following order has been issued by Gen. Sandford:
HEADQUARTERS FIRST DIVISION N. Y. S. N. G.
NEW YORK, June 18, 1864
SPECIAL ORDER No. 29.—Brig. Gen. Hall will detail the Fifty-fifth Regiment,
Col. Le Gal, as the escort for the reception of the Fortieth Regiment New York
Volunteers, upon their return from the field, where
they have ever been distinguished for their gallantry and endurance.
Colonel Le Gal will make arrangements with the Mayor and Common Council as
to the time and place of reception. By order of
Major General CHARLES W. SANDFORD.
ALEX. HAMILTON, A. D. C.
(N.Y. News - June 20, 1864)
[Special Correspondence to Sunday Mercury.]
SHOOTER'S HILL, VA,, Aug. 14, 1861.
To the Editors of the Sunday Mercury:
Through the interposition of Divine Providence I have been spared the inglorious
death of "melting;" and now am of the opinion that if I am spared
to die at all before entering the field, it will be by freezing. This morning
we all awoke shivering and shaking from head to foot. Overcoats came at once
in ready demand; and as we crawled out of the open space in our tents, like
so many Esquimaux, we severally inquired of the sergeant if skates would not
be furnished us soon. I would suggest that the "Union Defence Committee" take
this matter in hand, and reflect seriously upon it; for I would assure them
that, if such weather continues long, we will have a chance of drilling in
double-quick on the ice. A novel idea, I think. We are hard at work now, preparing
ourselves for exhibition drill, before several distinguished generals. There
is a prize offered for the best company drill.
Our boys (that is we, of Company I) are exerting themselves tremendously; and
I expect, or at least hope, that in my next epistle I shall be able to
inform you that we were the recipients of the "big thing." Rain seems
to be the order of the day; and it stands not on ceremony, but comes down all
while. Pretty pictures we present here, when we descry a storm coming up in
the "ominous west." Frantic individuals, half clad, rush out—spade,
or some other utensil in their hands—and begin throwing up miniature
entrenchments around their tents. Others scramble up the sides of the canvas,
and pull and haul at the heterogeneous mass of blankets, overcoats, sh— (I
should say underclothing) thereon piled. Some imagine themselves to be proprietors
of bathing-saloons, and call out loudly for "those who wish a shower-bath
to step out immediately." No sooner called than out they come, like so
many Feejee Islanders—drumming on tin-pans, and creating generally a
noise that a lunatic asylum might justly be jealous of. So it goes. What camp
life would be if it was not for these little exciting and eccentric scenes,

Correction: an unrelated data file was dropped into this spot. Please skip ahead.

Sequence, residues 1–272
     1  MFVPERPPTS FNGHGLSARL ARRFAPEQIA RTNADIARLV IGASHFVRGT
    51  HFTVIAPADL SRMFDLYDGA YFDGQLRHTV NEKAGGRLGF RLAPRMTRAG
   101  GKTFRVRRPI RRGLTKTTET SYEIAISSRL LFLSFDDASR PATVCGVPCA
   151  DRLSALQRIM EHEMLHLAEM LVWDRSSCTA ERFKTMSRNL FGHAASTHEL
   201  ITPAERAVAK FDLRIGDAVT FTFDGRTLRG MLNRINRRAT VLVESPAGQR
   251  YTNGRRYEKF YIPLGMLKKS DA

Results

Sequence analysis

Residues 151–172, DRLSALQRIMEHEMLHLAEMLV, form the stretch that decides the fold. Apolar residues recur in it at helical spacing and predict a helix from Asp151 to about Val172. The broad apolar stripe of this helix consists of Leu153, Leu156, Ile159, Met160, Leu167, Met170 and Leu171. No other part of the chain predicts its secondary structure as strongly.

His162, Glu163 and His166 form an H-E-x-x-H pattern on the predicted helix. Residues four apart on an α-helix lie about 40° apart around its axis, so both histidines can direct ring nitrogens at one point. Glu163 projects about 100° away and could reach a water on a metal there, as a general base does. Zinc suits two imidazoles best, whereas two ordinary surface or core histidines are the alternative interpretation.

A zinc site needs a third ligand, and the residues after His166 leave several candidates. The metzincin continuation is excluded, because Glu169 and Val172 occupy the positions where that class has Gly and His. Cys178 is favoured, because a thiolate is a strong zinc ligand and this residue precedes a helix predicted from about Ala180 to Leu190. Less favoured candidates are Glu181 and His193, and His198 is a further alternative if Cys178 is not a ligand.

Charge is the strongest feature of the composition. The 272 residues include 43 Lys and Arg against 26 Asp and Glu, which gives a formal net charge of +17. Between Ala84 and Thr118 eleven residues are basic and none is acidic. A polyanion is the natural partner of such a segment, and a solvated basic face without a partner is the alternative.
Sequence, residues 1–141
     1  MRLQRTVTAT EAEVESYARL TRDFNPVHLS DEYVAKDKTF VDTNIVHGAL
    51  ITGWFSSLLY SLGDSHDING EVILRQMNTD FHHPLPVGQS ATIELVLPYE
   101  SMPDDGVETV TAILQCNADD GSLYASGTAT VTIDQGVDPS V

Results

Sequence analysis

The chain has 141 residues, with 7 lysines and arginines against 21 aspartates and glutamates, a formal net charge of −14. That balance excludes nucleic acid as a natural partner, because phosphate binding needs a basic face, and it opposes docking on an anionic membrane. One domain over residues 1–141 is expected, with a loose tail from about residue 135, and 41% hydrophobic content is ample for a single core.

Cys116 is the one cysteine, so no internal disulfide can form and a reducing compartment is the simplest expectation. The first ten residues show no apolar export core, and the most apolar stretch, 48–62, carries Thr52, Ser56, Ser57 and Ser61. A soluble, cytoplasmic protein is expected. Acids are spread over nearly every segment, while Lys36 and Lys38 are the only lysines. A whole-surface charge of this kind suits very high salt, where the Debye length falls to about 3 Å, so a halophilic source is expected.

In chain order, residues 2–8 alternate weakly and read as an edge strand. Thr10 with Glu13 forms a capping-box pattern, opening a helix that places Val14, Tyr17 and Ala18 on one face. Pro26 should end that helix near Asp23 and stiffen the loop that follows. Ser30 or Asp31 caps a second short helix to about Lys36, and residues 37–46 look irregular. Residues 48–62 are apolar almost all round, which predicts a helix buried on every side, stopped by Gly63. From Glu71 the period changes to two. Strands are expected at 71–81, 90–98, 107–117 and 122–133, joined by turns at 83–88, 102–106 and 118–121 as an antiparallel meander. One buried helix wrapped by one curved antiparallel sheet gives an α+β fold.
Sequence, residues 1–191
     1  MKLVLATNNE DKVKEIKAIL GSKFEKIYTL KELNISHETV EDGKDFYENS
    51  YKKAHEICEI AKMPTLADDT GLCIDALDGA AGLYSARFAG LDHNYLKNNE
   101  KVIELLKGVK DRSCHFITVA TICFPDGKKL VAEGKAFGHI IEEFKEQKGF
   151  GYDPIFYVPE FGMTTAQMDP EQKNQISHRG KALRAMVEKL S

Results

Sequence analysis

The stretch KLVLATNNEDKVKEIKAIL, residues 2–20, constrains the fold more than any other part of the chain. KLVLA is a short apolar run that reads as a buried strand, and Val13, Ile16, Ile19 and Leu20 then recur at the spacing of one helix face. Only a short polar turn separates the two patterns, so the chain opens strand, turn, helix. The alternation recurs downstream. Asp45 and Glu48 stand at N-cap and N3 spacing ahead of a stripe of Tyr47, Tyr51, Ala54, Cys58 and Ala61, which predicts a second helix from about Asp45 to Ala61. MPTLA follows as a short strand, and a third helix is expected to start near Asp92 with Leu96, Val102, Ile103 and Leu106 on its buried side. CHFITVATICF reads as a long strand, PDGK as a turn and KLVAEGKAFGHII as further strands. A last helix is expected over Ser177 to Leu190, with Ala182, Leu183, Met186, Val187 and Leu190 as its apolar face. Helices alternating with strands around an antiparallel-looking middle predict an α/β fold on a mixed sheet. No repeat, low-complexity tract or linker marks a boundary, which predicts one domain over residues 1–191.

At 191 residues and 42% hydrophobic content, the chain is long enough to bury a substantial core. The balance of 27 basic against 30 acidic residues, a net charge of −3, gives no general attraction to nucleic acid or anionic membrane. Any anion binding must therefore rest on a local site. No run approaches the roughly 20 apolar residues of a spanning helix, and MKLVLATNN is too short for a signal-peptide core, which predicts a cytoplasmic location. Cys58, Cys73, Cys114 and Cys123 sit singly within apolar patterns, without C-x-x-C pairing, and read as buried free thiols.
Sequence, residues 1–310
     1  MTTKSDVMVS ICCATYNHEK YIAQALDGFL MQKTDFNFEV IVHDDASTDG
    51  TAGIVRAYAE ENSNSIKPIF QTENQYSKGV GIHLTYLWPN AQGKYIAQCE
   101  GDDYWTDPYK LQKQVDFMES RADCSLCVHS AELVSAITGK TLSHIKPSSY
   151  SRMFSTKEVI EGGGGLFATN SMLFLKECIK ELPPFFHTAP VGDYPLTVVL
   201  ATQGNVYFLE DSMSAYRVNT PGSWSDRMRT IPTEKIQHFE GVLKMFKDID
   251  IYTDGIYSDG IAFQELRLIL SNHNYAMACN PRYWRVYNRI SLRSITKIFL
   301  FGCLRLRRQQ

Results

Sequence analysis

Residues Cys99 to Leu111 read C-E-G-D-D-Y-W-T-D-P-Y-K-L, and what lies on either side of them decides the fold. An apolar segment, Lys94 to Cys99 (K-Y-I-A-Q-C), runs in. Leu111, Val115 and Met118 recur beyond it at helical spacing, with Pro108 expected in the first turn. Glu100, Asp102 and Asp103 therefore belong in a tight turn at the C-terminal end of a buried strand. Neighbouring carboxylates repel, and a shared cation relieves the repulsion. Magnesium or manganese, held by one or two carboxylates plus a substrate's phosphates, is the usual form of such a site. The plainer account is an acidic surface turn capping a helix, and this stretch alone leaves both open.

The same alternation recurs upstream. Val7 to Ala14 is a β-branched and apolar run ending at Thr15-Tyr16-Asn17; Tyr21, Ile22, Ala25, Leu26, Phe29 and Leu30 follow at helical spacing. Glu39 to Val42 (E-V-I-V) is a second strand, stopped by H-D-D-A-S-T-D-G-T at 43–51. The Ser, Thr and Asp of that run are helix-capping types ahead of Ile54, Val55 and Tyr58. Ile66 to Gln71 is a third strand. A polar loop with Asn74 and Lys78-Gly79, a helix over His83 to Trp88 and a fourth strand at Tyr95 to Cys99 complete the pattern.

I am unable to say; methinks, however, a bore. I heard a fellow offer to bet,
yesterday, that he could turn around on his hip bone for an hour, without ceasing,
or in the leastwise injuring or bruising said bone. I did not stay to see whether
or no he executed the movement; but no doubt exists in my mind about his being
able. I think I can perform the same myself. Stones and hard ground do not
tend to "soften" the flesh much. We often wonder whether we will
ever be able to sit at a table, with a clean, tidy cloth upon
it, and eat as we were wont to do in the days of old. It is so long since I
have seen a knife, or fork, that I begin to forget how they are made. But so
goes the world; and so we will go—thankful, in the meantime, if we have
no worse fare, and see no harder times. What a dry letter, to be sure, But,
my dear sirs, how can I help it? There is nothing new, and we pursue the daily
routine as usual. We live in high anticipations of the future, for we imagine
we see a very large thing; whether it will be on "ice" or "lead" I
really cannot surmise. All are well, as usual, except your correspondent, who
is at present becoming very proficient in the science of pedestrianism and
civil engineering; for he is obliged to travel, at least twenty times a day,
at a double quick, over a certain distance, which he estimates to be not less
than 100 yards. Going under sealed orders, he dares not, therefore, mention
for what purpose these hourly trips are taken. Is Gayetty around?
Yours, TORRENS, Company I, Mozart Regiment.
FORTIETH NEW YORK VOLUNTEERS, OR MOZART REGIMENT.
Company A--Killed--Private Walter Wilkinson.
Wounded--Privates N. Wingate, Thomas Connelly, John McFarren.
Company B--Killed--Private A.J. Kenny. Wounded--Privates John McFarren, J.
Company D--Killed--Private Wm. Marley. Wounded--Corporal Wm. Larkey, private
Company E--Wounded--Sergeant G.E. Carpenter.
Company F—Wounded--Lieutenant E. F. Fletcher, Sergeant J. D. Woodward,
Corporal E. Bender, privates S. Bender, Wm. Hooker, M. Gowalay.
Company G--Killed—Private F. S. Anderson. Wounded—Sergeant Lewis
Blood, privates J. Wyatt, L. Stoddard, George Fisk, R. White.
Company H—Killed—Private A. H. Greenlow.
Company K--Wounded—Privates Felix Duchenay and
Killed. Wounded. Missing. Total.
Company A l 3 — 4
Company B 1 2 — 3
Company C — — -- —
Company D 1 2 — —
Company E — 1 -- 1
Company F -- 6 — 6
Company G 1 5 — 6
Company H 1 — — 1
Company I — — — —
Company K — 2 — —
Total...... 5 21 — 26
Back to 40th Regiment During the
New York State Division of Military and Naval Affairs: Military History
March 27, 2006